A hand recount of the election results in a Democratic primary for a Georgia county has seen the “winner” of the race drop to third place after it emerged that the voting machines were “off by thousands of ballots.”
The audit has raised fresh concerns about election integrity after it emerged that the vote count was severely inaccurate.
On Thursday, DeKalb County School Board member Marshall Orson, who is running for the county commission, asked the local election board not to certify results as scheduled because of “numerous errors” with the local race, the Atlanta Journal-Constitution noted.
Instead, Orson requested an “independent review” as well as a formal recount of the election in a letter to the board.
“There is no rational basis for believing that there are not continuing issues with the results and the results should not be certified with the continuing existence of multiple substantive issues and concerns,” Orson wrote.
“Doing so would pose a substantial risk not only to the confidence the public will have in the overall election results from this race but could extend to the entire primary as well as the general election.”
The initial Democratic primary results showed Orson winning for commission District 2 with Lauren Alexander in second place and Michelle Long Spears in third, according to Just the News.
This would have put Orson against Alexander in a runoff election.
However, Spears noticed that the results showed she received zero votes at most election precincts.
The secretary of state’s office admitted late last month to making several programing mistakes in the ballot equipment that affected the final tally.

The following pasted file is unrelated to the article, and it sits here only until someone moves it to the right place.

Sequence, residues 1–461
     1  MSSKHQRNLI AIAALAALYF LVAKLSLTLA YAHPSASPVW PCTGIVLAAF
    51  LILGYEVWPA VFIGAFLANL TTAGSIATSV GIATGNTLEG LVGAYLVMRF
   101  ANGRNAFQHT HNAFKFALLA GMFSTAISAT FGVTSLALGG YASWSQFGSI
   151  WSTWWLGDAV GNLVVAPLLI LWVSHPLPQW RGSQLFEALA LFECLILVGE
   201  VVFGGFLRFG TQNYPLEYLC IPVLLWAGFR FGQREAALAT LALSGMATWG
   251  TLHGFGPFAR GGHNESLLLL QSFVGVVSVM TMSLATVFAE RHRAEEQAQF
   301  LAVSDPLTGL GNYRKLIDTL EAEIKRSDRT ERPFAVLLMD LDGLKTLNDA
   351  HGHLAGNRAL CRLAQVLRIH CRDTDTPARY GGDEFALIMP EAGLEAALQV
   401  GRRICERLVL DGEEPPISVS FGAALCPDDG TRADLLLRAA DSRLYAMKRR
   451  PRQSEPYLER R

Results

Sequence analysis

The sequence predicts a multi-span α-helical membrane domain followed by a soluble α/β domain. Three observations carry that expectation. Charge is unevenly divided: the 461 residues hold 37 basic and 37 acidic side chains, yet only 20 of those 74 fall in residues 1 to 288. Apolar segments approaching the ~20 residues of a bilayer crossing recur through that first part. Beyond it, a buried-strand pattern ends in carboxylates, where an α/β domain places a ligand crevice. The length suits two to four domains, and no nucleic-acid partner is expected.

There was an attempted re-scan of the ballots in District 2, but ultimately a hand count was conducted, concluding around midnight on Memorial Day.
Wednesday evening, the results of a hand count were published, which showed that Spears, the last-place candidate, is now in first place and heading for a June 21 runoff election against Alexander.
Former first-place finisher Orson, meanwhile, was pushed down to third place, according to Conservative Brief.
Spears managed to gain about 2,600 votes from the original matching count, and Alexander managed to collect a few hundred more as well, according to the Journal-Constitution. But Orson lost some 1,600 votes from the original vote tally.
Reports noted that the Dekalb County Election Board is scheduled to certify the results Friday afternoon.
Georgia has been one of a handful of states experiencing significant election controversies beginning with the 2020 elections.
For instance, “a complaint filed in April to the Georgia State Election Board claims that more than 300,000 ballots in the 2020 election were unreliably recorded in state’s largest county of Fulton,” Just the News reported.
In March, a ballot harvesting investigation launched by Secretary of State Brad Raffensperger’s (R) office also moved forward after the state’s election board approved a sought-after subpoena following allegations stemming from the 2020 election.
The subpoena allowed Raffensperger’s office to begin gathering evidence and testimony into what has been an ongoing probe regarding whether third-party liberal activists illegally collected thousands of absentee ballots in the general election in November as well as a subsequent run-off election that wound up determining Democratic control of the U.S. Senate, Just the News reported.
The vote was a major win for Secretary of State Brad Raffensperger, who announced the investigation into alleged ballot harvesting in January and was seeking the subpoena authority to assist the probe.
The subpoena power will allow Raffensperger’s team to secure evidence about a whistleblower who alleged to an election integrity group that he participated in a large operation to gather ballots in which activists were paid $10 for each ballot they delivered.
Georgia law expressly prohibits third parties from collecting, gathering, or delivering absentee ballots, except in the case of immediate relatives.
A vote on whether to issue the subpoena had been delayed several weeks because the Elections Board could not determine who would be its new chairperson.
However, the board unanimously chose member Matthew Mashburn last week during a meeting to serve as interim chairman.
Afterward, the board voted in favor of the subpoena during a closed-door session.